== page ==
csvreader = csv.reader(csvfile, delimiter=',')
        for row in csvreader:
            if(row[0] != 'date'):            
                print("%s %s:00"%(row[0],row[1]))
                dt = datetime.strptime("%s %s:00"%(row[0],row[1]),'%Y-%m-%d %H:00')
                subject = ''
                for x in getFrequencyList(row[3]):
                    subject += "%s %s#"%(x[0], x[1])
                i = Item(dt, int(row[2]), subject)
    except UnicodeDecodeError:
        print("wrong read...")
    except UnicodeEncodeError:
        print("wrong read...")
with open('nltk_05_17.csv', 'wt', encoding='utf-8') as csvfile:
    csvwriter = csv.writer(csvfile)
    for x in range(len(theArray)):
        csvwriter.writerow([theArray[x].datetime, theArray[x].count, theArray[x].subjects])
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When I read these files from Processing sketch, I created following class schema to accommodate the data as efficiently as possible.
Class Diagram
Here Keyword class keeps related information about each of the words, and the code keeps a collection for unique keywords by updating necessary fields if a duplicate occurs. Once file reading is completed, I sprinkled the word collection in space with respect to their Average Date, Average Temperature and Average Frequency values. Since frequency values are too condensed towards lower values, I used the log scale for that axis.
2017-2-27 14_28_32.png
Whenever the user starts to type something with the keyboard, the system will search the phrase inside of the keywords (Regex is allowed: http://regexr.com). On the right-hand side of the GUI, the search results are listed, and on the left side, the first word of the list is detailed. Also in the word cloud, search results are highlighted. The Time Barcode shape at the detail panel denotes usage dates of the current word, and the red line corresponds to its Average Date. Time barcode starts from the beginning of the data on its left (2005 April) and goes up to January 2017.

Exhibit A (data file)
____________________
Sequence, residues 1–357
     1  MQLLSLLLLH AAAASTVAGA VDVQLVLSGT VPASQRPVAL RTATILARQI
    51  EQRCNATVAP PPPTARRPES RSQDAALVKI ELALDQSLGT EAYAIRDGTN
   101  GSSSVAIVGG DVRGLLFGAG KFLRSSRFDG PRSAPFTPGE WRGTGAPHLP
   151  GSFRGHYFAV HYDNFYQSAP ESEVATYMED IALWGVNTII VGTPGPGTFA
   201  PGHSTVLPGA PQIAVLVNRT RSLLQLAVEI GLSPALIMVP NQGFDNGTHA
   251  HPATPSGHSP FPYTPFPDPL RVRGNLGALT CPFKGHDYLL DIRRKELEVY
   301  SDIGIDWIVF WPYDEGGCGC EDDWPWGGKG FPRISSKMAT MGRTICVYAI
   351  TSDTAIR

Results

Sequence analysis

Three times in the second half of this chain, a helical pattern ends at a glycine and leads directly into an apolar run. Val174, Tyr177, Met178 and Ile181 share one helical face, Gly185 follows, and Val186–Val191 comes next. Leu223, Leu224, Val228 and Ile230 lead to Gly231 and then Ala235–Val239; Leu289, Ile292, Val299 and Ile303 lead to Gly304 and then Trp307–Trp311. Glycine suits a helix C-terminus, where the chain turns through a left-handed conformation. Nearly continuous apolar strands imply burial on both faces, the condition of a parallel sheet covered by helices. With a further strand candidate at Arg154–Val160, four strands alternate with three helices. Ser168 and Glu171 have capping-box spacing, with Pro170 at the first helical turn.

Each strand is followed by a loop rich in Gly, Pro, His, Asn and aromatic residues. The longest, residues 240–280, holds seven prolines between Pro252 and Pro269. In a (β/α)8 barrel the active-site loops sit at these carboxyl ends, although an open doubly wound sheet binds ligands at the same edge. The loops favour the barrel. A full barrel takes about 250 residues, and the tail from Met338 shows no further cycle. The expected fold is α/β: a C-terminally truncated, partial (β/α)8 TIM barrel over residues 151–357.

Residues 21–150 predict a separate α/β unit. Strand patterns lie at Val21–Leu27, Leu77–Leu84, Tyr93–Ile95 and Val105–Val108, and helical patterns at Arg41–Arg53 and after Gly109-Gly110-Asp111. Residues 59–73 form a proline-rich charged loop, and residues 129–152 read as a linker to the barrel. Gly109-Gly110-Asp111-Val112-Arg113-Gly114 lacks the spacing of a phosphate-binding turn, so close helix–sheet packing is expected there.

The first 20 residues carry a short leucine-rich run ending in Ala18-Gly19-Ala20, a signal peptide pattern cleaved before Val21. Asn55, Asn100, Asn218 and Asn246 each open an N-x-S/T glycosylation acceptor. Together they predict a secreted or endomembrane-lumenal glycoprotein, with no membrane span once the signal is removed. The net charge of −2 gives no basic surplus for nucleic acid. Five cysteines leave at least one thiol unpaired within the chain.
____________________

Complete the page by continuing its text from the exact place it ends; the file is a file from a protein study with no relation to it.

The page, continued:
2017-2-27 14_35_40.png
In addition to these, it is possible to filter what's drawn inside the cube with sliders at the bottom-left.
2017-2-27 14_38_31.png
The left-most buttons focus the camera to a specific axis. Invert Colors option changes the color scheme from dark to light. Auto Rotation rotates the camera automatically, and Color Search option paints the words that are the result of the current search term in terms of their average temperature values.
2017-2-27 14_45_45.png
Light theme and colored search results
2017-2-27 14_47_28.png
Dark theme and colored search results
After using the visualization, a couple of minutes later I discovered that it shows a pattern on low-frequency items. Since these items only appear once in the dataset, their average temperature is the temperature they are used in. Since this is the case, Date-Temperature plane clearly shows seasonality (winter-summer differences in terms of temperature).
2017-2-27 14_51_42.png
Seasonality on low-frequency data
The source code (requires PeasyCam and ControlP5 libraries) is below: